United Airlines boss warns 5G rollout could be ‘catastrophic’

 (Getty Images)
(Getty Images)

Aviation officials have warned of the damaging effect of a new 5G wireless service – claiming it could delay, divert or cancel planes, and cause huge costs to passengers.

United Airlines Chief Executive Scott Kirby said, after a US Senate Commerce Committee hearing on Wednesday, that the rollout of a new 5G frequency “would be a catastrophic failure of government”.

Two Federal Aviation Administration (FAA) reports have warned that the new 5G C-band service, which uses tall cell towers, threatens to interfere with the radio altimeter readings that pilots rely on, potentially causing “potential interference with key cockpit safety systems”.

AT&T and Verizon Communications have already delayed their planned 5 December rollout of the new 5G frequency band, due to the FAA’s concerns.

The C-Band frequency has been described as the “frequency that may save 5G in the US”. Much of the world of already uses the C-band with no reported impact on aviation.

The band operates safely and without causing harmful interference to aviation operations in nearly 40 countries around the world – including nearly two dozen in Europe, plus Japan, the Philippines, Hong Kong, Singapore, South Korea and Oman, the UAE and other parts of the Middle East.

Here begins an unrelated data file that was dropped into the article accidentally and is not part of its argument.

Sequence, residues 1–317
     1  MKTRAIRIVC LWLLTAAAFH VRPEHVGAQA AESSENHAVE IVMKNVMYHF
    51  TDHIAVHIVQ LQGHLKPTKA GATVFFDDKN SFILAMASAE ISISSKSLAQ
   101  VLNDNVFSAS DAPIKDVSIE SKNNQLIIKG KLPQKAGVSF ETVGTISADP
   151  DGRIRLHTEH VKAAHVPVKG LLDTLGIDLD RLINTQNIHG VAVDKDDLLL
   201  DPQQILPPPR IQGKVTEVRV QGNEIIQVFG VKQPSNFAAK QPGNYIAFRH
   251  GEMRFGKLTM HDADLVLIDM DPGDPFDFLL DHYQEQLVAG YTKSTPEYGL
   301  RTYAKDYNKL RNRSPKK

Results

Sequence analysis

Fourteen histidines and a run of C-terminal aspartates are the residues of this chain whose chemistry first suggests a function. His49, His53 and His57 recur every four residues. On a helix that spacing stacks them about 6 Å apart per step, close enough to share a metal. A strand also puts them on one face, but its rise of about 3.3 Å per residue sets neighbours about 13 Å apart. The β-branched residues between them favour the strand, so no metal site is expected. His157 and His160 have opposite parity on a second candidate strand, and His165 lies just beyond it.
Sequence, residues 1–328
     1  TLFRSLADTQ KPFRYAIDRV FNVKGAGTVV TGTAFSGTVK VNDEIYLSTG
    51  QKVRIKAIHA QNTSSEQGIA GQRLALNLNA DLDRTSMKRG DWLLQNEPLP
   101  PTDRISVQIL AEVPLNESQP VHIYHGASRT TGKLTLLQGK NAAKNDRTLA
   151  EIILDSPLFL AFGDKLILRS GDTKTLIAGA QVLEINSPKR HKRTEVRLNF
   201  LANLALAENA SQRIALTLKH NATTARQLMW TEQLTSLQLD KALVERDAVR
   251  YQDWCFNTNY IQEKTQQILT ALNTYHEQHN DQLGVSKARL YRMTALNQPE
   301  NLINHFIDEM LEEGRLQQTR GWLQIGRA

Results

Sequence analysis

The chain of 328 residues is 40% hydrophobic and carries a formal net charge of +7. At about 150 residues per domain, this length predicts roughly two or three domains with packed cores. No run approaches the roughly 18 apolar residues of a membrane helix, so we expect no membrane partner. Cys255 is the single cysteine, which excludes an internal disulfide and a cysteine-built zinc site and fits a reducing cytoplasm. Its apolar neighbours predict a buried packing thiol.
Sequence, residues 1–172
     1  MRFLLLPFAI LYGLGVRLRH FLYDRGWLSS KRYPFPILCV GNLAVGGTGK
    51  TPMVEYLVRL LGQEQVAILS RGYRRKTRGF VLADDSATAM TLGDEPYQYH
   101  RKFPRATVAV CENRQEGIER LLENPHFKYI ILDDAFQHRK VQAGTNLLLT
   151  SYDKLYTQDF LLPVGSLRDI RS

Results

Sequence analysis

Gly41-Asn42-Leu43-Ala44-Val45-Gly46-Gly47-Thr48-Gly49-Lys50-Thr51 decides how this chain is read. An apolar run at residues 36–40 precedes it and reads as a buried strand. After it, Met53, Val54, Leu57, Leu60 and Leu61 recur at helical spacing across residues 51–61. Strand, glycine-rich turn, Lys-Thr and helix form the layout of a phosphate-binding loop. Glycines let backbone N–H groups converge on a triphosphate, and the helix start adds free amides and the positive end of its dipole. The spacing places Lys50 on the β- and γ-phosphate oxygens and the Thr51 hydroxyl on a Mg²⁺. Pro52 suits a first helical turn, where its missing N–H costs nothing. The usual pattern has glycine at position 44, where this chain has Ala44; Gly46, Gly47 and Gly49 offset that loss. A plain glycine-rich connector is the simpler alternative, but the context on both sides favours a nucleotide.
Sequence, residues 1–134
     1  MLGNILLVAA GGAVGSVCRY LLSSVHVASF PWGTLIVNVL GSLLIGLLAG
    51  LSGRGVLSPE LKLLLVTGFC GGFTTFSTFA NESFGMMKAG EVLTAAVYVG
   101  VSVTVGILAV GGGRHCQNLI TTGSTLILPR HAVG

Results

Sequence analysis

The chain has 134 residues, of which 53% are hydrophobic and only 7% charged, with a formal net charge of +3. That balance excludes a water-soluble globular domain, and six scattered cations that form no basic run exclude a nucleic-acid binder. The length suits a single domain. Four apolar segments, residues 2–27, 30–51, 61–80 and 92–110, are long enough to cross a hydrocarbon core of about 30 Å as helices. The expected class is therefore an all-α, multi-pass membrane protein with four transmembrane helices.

The Cellular Telecommunications Industry Association (CITA), advocates representing the US wireless communications industry, believes 5G will help the US recover and grow economically.

“Delaying access to this spectrum has real impacts: every six-month delay in 5G deployment costs our nation’s economy $25bn in economic benefits over the next decade, risks America’s competitiveness, and jeopardises our ability to ensure global 5G leadership,” states CITA.

“The aviation industry’s fear-mongering relies on completely discredited information and deliberate distortions of fact,” claimed CTIA.

The new rollout is now planned for 5 January 2022 in the US.

“Unless something changes – we will not be able to use radio altimeters at 40-something of the largest airports in the country,” Mr Kirby said. “It is a certainty. This is not a debate.”

Trade association Airlines for America has stated that cargo operators are concerned the rollout could cost them “$400m annually,” while the impact to passengers would be in the region of “$1.59bn” worth of travel delays.

The Independent has contacted United Airlines and AT&T and Verizon Communications for further comment.